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A new fix for ‘leaky’ heart valves drastically cuts patient recovery time

March 2016 

 

For decades, doctors treating patients with a certain type of “leaky” heart valve had a standard playbook: open heart surgery. That typically meant a hospital stay of a week or more before patients could get back on their feet.

A new, minimally invasive procedure can cut that recovery down to a single day.

It’s called MitraClip Transcatheter Mitral Valve Repair therapy. MitraClip is a non-surgical way to repair a leaky mitral valve, one of the four valves in your heart. A small leak doesn’t cause too much of a problem, but a larger leak results in blood backing up into your lungs and eventually will cause heart failure.

The MitraClip technique was first pioneered in 2003 and approved by the FDA in October 2013. Since then, a multidisciplinary team at UW Medicine Regional Heart Center has performed the procedure more than 100 times, making it one of the top five sites in the U.S. to provide the therapy.

Patients typically leave the hospital the next day or shortly thereafter. Compared with a weeklong stay after open heart surgery, recovery times after MitraClip are extraordinary, said Liz Perpetua, an adult and acute care nurse practitioner and director of Structural Heart Services. She recalled one elderly patient, previously laid low by her disorder, get back on her tractor soon after her discharge. “It’s incredible to see patients immediately get back to doing the things they love,” she said.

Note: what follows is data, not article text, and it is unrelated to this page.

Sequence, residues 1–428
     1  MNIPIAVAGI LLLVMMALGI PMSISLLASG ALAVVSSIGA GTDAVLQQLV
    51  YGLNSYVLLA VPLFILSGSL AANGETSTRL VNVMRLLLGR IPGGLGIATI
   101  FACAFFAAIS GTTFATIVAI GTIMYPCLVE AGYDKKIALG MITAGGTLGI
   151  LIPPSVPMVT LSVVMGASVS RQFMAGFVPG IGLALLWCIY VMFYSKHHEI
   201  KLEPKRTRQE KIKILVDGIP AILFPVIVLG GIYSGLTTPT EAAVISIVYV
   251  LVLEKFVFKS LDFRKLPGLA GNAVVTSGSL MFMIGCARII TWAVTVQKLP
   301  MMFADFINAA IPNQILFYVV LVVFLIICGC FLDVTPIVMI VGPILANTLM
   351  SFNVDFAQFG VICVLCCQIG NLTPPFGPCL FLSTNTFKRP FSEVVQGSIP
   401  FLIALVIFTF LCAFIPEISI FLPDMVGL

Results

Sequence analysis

A leaky mitral valve – called mitral regurgitation – can be found in more than 2 million people in the U.S. Symptoms can include shortness of breath, fatigue and heart palpitations. In mild cases, the disorder can be treated with medicine. But in severe cases the valve needs to be repaired or replaced.

Enter the MitraClip. During the procedure, doctors make a small incision in the patient’s groin, then advance the clip through a catheter. It’s pushed upwards to the heart. Meanwhile, an imaging specialist provides 3D echocardiographic views of the clip’s position and the valve, allowing the cardiologist to clip together a small area of the valve leaflets. That brings the leaflets closer together, reduces the leak in the valve and allows blood to flow forward on both sides of the clip.

Dr. Mark Reisman, head of Interventional Cardiology, credits the vast improvements in imaging technology with the procedure’s high success and safety rates. In the OR, he stands shoulder-to-shoulder with Dr. G. Burkhard Mackensen, chief of cardiothoracic anesthesiology, who supplies 3D ultrasound images, or echocardiograms, to help guide the clip. “Without them, the procedure can be like driving a car without lights. But with these exquisite images, it’s like someone flicked on the headlights.”

Today, the MitraClip procedure is only performed on patients who are at prohibitive risk for open heart surgery, Dr. Reisman said. But one day, the bulk of valve repair may be catheter-based – which ultimately will not only result in reduced hospital stays and overall cost but also in improved outcomes. 

Learn more about UW Medicine Regional Heart Center.

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